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Keeping championship focus...and ignoring the distractions

 Carl Edwards, here at Aflac's Cancer Center, realizes there's more to life than just the next NASCAR race (Photo: Getty Images for NASCAR)

   By Mike Mulhern


   Ignore the hype and hoopla over the 'race to the chase,' and the playoff cut just eight days hence.
   Focus instead on the four men who will almost certainly be battling it out for the NASCAR championship this fall:
   Kyle Busch.
   Jimmie Johnson.
   Matt Kenseth.
   And Carl Edwards.

   Anyone else hoping to make a run at the Sprint Cup title will have to step up his game. And none of those challengers really seems to have that much going right now.
   Now these next few days will be filled with distractions – like who's going to the White House and who's not, and do any of those no-shows really understand the implications for the sport itself….
   And there will likely be some smoke-and-mirrors here too. Maybe even from ol' Smoke himself, who's on the hot seat and facing a long To-do list, in a season that has gone winless far too long for him.
   But just focus on the key four:
   Jimmie Johnson already has his game face on. And over the past few weeks he's shown so much 'class' in so many areas that it's downright amazing to watch. Nobody's going to rattle his cage.
   Kyle Busch is loose and confident, and doing a great job of letting aggravations (like Kevin Harvick and Brad Keselowski) just roll off his shoulders. Mark him A-plus for maturity.
   Matt Kenseth. Well, they don't call him the Stealth Bomber for nothing. He simply doesn't make mistakes; he won't beat himself. And over the year's first 24 races, Kenseth has given up barely 30 finishing positions to high-flying Busch and Johnson.
   And Carl Edwards……
   Edwards – whose 800-foot leap of faith off the Las Vegas Stratosphere back in the spring has been one of this sport's most dramatic marketing moves this season -- certainly doesn't need any distractions in his bid to beat Johnson and the rest of the title challengers in this fall's looming NASCAR playoffs.
   And this White House invitation flap over next Wednesday's meet-and-greet with the President doesn't help with the focus.


    NASCAR stars are no strangers at the White House. Tony Stewart here celebrating one of his own Cup championships with President Bush (Photo: Getty Images for NASCAR)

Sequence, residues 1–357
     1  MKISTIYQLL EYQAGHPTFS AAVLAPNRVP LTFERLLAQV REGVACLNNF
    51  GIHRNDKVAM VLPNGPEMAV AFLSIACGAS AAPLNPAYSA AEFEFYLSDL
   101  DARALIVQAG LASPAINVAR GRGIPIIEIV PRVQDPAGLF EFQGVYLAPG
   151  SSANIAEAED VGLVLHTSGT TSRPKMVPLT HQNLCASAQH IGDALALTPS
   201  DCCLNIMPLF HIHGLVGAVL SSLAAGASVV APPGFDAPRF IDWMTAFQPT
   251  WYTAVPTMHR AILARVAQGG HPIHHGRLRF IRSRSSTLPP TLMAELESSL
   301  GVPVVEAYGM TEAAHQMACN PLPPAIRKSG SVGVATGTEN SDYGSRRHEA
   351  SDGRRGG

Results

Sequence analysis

Edwards is one of four stock car racers who has said he's just too busy to accept the offer. But Saturday here he said he might be able to make it after all.
   Edwards calls the flap "blown a little bit out of proportion."
   That 'flap' began Thursday afternoon when NASCAR issued a press release about the White House invite, and pointed out that five of the 12 invited Sprint Cup drivers had said they were simply too busy to make the trip.
   One, maybe.
   Two, hmmmm.
   Three, what's up here? 
   But five?
   To say there's been a firestorm of reaction from some fans might be understatement. Some fans have applauded the no-shows, for making a 'statement' of some sort. Other fans have said that skipping a White House invite like this not only shows lack of respect for the Presidency but also reflects poorly on this sport in a larger sense.
   That this 'flap' comes on the eve of NASCAR's championship playoffs seems curious.
   And just how the 'flap' might be viewed in corporate boardrooms among men considering writing huge sponsorship checks to back this sport, well, that could be an issue too.
   To try to defuse the issue, Johnson says simply: "IMO... regardless of political views, when POTUS sends an invite and wants to honor you at the White House, you accept. #respect"
   The guy, with a genuine blue-collar background, has been taught well, and learned his lessons.


    Jimmie Johnson: NASCAR's classiest driver? He's certainly setting the pace. (Photo: Getty Images for NASCAR)


 Edwards this season has become one of the sport's best at defusing difficult situations.
   Edwards points out he's on the President's Council for Fitness Sports and Nutrition: "I spend a lot of time with Secretary (Kathleen) Sebelius (Health and Human Services) and Shellie Pfohl (the council's director) and all the folks up there at the White House."
   But Edwards also pointed out "This is not only the busiest time of the year, this is about the busiest time of my life…and the folks at the White House -- I spoke with them, they understand, and the NASCAR folks understand. 
    "If something changes, then I'll be there. But right now, I'm just not able to go."

    Edwards at least is locked into the 10-race playoffs, and one of the four men with the best odds of winning the Sprint Championship.


     If one of these four -- L-R Kyle Busch, Paul Menard, Brad Keselowski and Marcos Ambrose -- wins Sunday's Atlanta 500, it's a $1 million bonus, part of Sprint's $3 million promotion (Photo: Getty Images for NASCAR)


 Not everyone here is so lucky.
    Like Tony Stewart. He will likely make the playoffs, but he hasn't been a contender to win many races this season. In fact Stewart hasn't won on the tour since last October at California. His only noticeable runs this season came at Las Vegas in March and at Loudon, N.H., in July. Otherwise this season has been quite forgettable. And the lost of competition director Bobby Hutchens, released in June, probably hasn't helped (and really hasn't been fully explained either).
   Last weekend at Bristol, there was stark contrast between Stewart's team and teammate Ryan Newman's team. Newman won the pole; Stewart qualified dead last. The two crew chiefs clearly aren't seeing eye to eye.
   And Stewart points out that Newman's operation has been much more consistent than his own.
   On top of all that, there are the usual sponsorship issues to deal with. And the cost of racing isn't getting any cheaper.
   Add in the Danica Patrick distraction – she's to drive 10 to 12 Cup races in Stewart-Hendrick cars next season (along with a full Nationwide schedule, in Earnhardt-Hendrick cars) – and Stewart's hopes of finding enough sponsorship dollars to have the Patrick Cup team hire another part-time driver in order to be able to run all 36 tour events.